A flawed plan
ROADS are very expensive, encourage more car trips, carry a fraction of the number of people that trains do and deliver poor results because they reach capacity soon after they are built. There is room to fit a train line to Doncaster down the middle of the Eastern Freeway. And a note to pollies: you can still have your photo taken in a hard hat and safety vest on public transport construction sites.
Adam Hutterer, Northcote
Road lobby’s con
BY PLANNING an east-west road tunnel, the government has fallen for the outdated ”trick” inflicted by the road lobby: it is better to move vehicles than people. Movement to and across Melbourne could be better achieved by building the East Doncaster rail link and putting it underground beneath Fitzroy to meet the City Loop. This would make any road tunnel redundant.
Rod Watson, East Brighton
The better option
TRAFFIC studies continue to confirm that nearly all traffic from the east is headed to the CBD or nearby areas, not to Citylink and the west. It would be best handled by a high-quality, rapid-transit system from the eastern and north-eastern suburbs to the CBD, with effective connections to the entire inner-city public transport network. The federal government might fund the Doncaster rail line.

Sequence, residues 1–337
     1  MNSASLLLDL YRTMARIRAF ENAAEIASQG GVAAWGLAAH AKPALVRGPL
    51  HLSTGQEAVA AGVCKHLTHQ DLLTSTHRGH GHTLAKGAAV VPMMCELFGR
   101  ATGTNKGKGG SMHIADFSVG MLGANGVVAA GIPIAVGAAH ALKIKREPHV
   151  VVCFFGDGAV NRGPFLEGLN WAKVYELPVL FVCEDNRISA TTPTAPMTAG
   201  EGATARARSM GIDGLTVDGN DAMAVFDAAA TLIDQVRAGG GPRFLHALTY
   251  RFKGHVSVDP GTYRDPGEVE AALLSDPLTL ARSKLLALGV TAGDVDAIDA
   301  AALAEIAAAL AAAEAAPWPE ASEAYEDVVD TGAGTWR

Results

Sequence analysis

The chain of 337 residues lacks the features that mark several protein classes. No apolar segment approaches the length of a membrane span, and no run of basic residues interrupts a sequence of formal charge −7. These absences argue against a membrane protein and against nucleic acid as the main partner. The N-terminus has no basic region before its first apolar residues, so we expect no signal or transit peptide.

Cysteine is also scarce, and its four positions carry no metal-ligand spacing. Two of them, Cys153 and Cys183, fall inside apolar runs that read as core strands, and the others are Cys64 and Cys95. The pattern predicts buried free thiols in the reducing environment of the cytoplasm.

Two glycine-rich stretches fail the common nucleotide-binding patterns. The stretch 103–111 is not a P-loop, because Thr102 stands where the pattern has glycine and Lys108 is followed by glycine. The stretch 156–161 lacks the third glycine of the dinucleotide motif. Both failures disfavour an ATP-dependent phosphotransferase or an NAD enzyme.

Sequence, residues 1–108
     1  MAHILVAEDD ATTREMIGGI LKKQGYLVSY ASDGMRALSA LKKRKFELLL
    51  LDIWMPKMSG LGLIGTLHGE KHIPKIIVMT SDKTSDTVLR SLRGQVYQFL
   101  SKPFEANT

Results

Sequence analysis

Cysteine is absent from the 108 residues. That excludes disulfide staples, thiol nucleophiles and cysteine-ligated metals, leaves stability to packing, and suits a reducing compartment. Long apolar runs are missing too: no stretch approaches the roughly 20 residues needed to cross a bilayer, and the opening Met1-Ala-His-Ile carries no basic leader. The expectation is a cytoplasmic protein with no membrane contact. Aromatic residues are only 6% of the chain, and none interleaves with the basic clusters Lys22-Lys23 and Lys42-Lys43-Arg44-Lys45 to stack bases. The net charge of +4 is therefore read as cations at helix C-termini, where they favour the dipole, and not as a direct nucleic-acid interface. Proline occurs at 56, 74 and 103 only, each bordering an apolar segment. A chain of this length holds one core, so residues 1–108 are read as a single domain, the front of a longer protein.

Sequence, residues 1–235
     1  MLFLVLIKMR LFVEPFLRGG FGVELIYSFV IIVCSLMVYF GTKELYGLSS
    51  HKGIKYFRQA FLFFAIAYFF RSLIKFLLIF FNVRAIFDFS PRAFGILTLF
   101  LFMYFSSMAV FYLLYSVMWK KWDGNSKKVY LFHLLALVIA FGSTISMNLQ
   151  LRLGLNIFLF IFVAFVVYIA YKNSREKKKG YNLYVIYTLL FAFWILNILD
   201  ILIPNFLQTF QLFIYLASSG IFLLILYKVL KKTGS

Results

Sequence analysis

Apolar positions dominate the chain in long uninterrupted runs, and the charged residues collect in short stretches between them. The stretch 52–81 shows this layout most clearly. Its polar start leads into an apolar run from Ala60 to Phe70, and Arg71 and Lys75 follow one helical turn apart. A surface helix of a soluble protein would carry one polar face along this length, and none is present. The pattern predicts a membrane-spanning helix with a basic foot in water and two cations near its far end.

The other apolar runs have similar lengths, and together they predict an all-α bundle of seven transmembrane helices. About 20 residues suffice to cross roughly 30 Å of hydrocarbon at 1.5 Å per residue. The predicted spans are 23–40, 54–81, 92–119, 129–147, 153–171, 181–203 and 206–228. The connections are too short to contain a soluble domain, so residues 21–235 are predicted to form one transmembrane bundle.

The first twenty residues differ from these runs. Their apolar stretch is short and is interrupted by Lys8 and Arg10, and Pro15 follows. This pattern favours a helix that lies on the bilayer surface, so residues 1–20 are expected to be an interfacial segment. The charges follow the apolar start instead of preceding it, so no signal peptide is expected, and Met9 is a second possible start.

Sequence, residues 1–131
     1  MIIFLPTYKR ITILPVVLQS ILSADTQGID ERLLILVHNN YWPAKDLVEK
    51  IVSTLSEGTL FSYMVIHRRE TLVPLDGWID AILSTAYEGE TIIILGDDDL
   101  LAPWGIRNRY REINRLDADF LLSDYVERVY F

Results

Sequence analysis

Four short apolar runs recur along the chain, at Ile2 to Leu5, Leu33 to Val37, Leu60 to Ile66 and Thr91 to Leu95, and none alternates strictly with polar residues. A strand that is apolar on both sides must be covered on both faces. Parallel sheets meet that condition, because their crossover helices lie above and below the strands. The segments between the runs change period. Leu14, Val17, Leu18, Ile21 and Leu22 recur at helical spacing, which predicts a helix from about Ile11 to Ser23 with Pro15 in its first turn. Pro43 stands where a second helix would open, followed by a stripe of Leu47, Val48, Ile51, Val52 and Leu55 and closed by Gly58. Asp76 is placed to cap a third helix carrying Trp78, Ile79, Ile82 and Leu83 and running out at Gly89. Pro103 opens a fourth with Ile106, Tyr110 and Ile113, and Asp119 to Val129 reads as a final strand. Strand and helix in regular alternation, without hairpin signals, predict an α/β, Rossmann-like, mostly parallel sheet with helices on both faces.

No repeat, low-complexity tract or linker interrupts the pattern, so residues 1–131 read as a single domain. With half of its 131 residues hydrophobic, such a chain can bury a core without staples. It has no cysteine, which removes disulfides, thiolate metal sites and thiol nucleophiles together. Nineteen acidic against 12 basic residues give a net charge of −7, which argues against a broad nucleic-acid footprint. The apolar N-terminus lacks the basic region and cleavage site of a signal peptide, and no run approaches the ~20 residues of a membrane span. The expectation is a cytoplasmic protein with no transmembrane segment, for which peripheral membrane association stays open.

Even on a Saturday during the AFL season, traffic jams occur at the western end of the Eastern Freeway. The answer is not more road space heading further west but an attractive suburban rail service that carries fans past the jam and straight to the grounds. Once a large proportion of CBD-bound trips are diverted to rail, the current generous road space would handle the east-west freight and commercial traffic with ease.
John McPherson, Collingwood
A win for developers
AT A time when the public’s preference is clearly for an improved and integrated public transport system, including a rail link from Doncaster to the city, it is unacceptable that the government is considering funding more roads. The only benefactors here will be the developers and toll road operators, not the community.
Freda Watkin, Abbotsford